We have been writing about the ArcGIS Living Atlas of the World many times over the years, beginning here, and recommend it as the first stop in your data quests for many reasons.

As an educator I was glad to see ecoregions, primary and secondary school districts, and landmark structures in the collection, but dozens of other layers exist and are being added to on a continual basis. The collection can be accessed here. In my opinion one of the best ways to view the collection is in this gallery. For more details, see this essay.

The Monitoring Trends in Burned Areas Layer, part of the collection described in this essay.

–Joseph Kerski

Categories: Public Domain Data

Improving election data: NSGIC’s Geo-Enabled Elections project

March 14, 2022 Leave a comment

With thanks to Jamie Chesser, project lead, the Geo-Enabled Elections project, NSGIC, for this post.

The use of spatial data results in real-world consequences that help shape societal outcomes; elections perhaps most concretely so. Elections are, fundamentally, about maps, as districts determine what races voters can vote in and candidates vie for. In the last four years, a project by the National States Geographic Information Council (NSGIC) has worked with states and counties across the nation to improve the processes and refine the data sets that are used in elections. [Note: We have written about NSGIC before in this blog; see these posts].

Their main tenet: Geospatial data and GIS processes, when integrated into elections systems, make those elections more accurate, more efficient, and provide the ability to also make them more transparent.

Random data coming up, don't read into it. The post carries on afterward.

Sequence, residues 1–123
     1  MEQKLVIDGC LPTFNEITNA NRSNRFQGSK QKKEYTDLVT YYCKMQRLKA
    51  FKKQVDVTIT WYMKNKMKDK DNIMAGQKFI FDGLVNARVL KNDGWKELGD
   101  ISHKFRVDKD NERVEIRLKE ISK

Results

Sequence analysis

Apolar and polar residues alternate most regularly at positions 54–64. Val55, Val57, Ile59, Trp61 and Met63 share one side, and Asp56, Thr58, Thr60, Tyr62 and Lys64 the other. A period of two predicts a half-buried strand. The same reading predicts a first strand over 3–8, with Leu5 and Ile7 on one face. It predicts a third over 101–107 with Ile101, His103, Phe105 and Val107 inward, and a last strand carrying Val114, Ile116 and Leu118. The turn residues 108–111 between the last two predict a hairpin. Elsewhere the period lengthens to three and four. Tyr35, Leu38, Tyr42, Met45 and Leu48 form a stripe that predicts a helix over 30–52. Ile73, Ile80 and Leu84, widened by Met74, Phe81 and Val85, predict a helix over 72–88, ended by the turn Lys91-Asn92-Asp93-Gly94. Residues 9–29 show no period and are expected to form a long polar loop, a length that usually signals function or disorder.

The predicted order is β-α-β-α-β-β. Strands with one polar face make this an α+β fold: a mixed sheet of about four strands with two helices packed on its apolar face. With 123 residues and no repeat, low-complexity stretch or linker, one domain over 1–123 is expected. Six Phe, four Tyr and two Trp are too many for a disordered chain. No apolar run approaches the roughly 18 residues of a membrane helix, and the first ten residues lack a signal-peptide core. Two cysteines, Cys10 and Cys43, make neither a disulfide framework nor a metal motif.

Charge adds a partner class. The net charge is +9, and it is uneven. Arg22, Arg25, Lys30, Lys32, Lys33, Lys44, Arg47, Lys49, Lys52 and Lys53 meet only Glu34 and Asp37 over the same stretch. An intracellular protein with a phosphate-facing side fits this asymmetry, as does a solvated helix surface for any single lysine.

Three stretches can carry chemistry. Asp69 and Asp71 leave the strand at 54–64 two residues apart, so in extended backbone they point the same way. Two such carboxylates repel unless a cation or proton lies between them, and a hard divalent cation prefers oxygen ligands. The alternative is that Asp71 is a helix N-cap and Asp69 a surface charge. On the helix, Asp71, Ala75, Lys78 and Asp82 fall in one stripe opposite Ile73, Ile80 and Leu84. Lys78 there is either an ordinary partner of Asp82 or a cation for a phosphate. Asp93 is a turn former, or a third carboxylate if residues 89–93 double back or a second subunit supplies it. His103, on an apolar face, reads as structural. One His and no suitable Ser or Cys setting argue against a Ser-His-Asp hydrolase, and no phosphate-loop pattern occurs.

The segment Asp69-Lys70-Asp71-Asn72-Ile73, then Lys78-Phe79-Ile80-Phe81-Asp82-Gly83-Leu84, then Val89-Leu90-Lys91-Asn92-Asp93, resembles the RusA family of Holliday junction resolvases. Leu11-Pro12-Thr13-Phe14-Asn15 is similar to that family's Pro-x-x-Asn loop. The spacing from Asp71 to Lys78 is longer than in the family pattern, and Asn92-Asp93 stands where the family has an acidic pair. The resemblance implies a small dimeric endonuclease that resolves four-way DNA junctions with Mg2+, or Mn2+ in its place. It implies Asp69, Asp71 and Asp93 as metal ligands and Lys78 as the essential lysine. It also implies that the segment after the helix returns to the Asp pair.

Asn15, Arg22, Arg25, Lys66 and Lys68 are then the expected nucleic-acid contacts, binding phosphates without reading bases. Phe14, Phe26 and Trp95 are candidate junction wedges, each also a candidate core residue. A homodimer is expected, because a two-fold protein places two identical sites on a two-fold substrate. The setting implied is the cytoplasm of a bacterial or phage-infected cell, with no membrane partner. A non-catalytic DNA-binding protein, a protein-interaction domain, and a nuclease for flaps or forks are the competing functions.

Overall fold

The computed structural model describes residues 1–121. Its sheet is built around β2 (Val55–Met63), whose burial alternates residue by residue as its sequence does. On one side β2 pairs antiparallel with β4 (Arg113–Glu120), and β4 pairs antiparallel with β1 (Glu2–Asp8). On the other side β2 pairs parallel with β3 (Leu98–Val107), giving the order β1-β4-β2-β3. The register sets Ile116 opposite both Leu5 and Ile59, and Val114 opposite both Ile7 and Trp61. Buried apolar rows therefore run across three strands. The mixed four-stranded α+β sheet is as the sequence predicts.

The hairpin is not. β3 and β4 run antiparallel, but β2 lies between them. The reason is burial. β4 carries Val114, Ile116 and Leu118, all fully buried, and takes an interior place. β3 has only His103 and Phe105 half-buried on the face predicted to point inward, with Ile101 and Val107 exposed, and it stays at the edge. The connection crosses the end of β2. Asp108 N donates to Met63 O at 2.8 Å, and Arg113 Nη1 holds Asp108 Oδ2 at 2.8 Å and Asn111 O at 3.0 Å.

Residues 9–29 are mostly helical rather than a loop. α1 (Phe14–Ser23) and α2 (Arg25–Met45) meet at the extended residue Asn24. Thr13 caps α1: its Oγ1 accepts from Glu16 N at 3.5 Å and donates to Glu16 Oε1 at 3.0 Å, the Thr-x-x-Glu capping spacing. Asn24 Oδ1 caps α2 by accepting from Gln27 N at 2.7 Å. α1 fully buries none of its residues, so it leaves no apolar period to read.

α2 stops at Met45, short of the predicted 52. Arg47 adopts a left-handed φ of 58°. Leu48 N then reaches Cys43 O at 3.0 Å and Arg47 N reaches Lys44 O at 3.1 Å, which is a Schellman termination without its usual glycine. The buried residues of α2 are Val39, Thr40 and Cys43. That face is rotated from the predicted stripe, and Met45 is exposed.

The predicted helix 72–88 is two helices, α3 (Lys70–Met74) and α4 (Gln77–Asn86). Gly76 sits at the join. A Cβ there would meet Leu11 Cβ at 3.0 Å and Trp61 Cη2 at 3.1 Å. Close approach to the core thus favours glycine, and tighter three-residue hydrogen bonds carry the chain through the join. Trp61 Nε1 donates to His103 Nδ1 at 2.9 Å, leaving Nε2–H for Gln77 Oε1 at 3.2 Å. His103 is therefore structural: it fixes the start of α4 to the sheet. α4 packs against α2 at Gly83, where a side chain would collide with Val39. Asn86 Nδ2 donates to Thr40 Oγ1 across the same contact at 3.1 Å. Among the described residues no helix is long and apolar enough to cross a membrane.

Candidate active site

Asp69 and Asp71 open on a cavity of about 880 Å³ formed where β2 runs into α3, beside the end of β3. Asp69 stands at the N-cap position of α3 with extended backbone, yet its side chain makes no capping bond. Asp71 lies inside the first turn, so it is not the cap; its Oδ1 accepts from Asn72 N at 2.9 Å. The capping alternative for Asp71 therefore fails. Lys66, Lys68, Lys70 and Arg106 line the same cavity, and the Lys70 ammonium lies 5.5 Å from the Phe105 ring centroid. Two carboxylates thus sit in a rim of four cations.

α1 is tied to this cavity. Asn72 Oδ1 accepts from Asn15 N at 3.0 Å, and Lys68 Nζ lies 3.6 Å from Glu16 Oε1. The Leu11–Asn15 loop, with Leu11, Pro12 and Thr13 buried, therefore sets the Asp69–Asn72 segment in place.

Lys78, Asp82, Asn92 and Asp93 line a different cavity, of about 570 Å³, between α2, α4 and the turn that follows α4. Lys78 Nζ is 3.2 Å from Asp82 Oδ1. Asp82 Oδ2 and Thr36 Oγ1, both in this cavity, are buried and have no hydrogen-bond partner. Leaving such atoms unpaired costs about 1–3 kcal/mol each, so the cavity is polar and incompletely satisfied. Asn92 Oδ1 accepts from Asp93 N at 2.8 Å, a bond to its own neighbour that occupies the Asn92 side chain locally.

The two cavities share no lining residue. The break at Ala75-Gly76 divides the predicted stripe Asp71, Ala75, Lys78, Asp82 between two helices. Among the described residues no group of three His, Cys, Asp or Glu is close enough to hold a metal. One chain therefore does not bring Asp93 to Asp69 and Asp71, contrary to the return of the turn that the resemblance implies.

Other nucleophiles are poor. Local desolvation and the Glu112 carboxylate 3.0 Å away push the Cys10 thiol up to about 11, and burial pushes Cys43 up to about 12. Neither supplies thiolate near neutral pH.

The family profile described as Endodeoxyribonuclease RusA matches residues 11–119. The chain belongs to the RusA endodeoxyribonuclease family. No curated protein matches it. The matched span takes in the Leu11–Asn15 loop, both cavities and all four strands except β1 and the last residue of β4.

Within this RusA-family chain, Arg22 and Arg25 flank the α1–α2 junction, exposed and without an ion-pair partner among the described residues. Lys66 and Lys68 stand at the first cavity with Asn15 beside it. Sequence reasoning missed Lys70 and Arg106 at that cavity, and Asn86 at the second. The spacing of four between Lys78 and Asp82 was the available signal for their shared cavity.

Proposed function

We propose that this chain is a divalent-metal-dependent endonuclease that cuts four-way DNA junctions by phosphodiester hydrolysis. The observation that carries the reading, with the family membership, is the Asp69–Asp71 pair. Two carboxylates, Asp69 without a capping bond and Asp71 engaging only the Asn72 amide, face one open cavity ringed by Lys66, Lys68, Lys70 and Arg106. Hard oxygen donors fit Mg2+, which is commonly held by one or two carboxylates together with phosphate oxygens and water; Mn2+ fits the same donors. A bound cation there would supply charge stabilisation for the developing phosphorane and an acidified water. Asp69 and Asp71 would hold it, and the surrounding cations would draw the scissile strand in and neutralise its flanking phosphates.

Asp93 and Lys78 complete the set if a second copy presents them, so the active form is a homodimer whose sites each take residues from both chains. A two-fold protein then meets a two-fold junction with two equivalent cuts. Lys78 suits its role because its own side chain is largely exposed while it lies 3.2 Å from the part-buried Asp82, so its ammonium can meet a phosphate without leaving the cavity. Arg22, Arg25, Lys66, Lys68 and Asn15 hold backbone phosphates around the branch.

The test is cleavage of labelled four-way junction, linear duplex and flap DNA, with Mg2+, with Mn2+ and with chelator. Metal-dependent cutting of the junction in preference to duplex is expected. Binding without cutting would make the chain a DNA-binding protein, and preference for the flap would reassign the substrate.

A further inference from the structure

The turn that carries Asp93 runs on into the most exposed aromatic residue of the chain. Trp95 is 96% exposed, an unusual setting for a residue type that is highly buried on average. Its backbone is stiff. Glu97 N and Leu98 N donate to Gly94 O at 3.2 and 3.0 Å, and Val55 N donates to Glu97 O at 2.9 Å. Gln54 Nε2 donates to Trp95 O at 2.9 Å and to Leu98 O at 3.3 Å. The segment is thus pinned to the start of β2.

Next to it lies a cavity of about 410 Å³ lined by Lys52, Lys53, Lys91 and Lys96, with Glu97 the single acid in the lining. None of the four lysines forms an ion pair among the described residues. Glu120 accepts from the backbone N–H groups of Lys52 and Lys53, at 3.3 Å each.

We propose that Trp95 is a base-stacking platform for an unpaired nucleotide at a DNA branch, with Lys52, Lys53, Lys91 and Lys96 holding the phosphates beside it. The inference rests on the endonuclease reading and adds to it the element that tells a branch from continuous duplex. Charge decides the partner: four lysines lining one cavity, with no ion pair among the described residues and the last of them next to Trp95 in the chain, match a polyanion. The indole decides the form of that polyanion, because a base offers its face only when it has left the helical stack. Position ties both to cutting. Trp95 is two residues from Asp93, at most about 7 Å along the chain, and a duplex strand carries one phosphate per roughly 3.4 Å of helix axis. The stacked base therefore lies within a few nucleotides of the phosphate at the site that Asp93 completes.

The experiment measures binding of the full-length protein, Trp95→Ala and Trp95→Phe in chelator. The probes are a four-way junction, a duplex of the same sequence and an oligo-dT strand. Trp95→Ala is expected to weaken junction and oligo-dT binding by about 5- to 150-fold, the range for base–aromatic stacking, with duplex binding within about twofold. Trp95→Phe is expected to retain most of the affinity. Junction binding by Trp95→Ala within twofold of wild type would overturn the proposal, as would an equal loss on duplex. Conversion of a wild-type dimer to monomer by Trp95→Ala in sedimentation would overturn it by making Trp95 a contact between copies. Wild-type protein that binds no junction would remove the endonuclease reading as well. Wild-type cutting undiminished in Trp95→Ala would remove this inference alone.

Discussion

As part of that process, data sets from other realms than elections are being deployed to audit or enhance voter rolls, with the ultimate goal of ensuring that the right voters are allowed to vote and that ballots and election information can be sent to voters, without being returned to sender. 

The National Address Database, compiled and managed by the U.S. Department of Transportation, is one such example. []

Also, states such as Montana have or are working on creating and validating their own state-wide address layer. In Montana’s case, the information will serve both elections and the state’s Next Generation 9-1-1 emergency call routing system. A third example of a data source are tax assessor offices since they typically track a site address for each parcel.

In December 2021, NSGIC surveyed election directors in US states and territories, and Washington D.C., to establish – among other things – whether most election directors have access to such an address resource within their state. Their answer was, essentially, “not yet.” About two-thirds of respondents, representing 53% of US states and Washington D.C., stated they don’t have, or don’t know if they have, access to such a universal address list. Read more here: [] 

Flipping this equation on its head, some states have enshrined the use of GIS data in elections processes into state statute. Doing so supports the collaboration between GIS experts and elections division staff within a state; it can also be a way to secure funding. When statutory language is drafted, states are able to include different provisions. One such provision could be that when boundaries are set, they must be made publicly available in a spatial data format. These data help campaigns and NGOs be better informed and engage in productive dialogue, and – in the current climate of election scrutiny – they can also promote transparency, allowing organizations and individuals to verify aspects of data and processes in order to build trust.

NSGIC in 2021 released model statute language for states interested in pursuing this route; this can be found here: []

Other helpful resources for election offices and others include Best Practices Guidance for how to geo-enable elections and Tools for Election Directors, both available on the NSGIC elections website. One of the best practices, number four, deals with the use of contextual map layers: []

GIS is a vital part of improving election integrity, and NSGIC is leading this effort.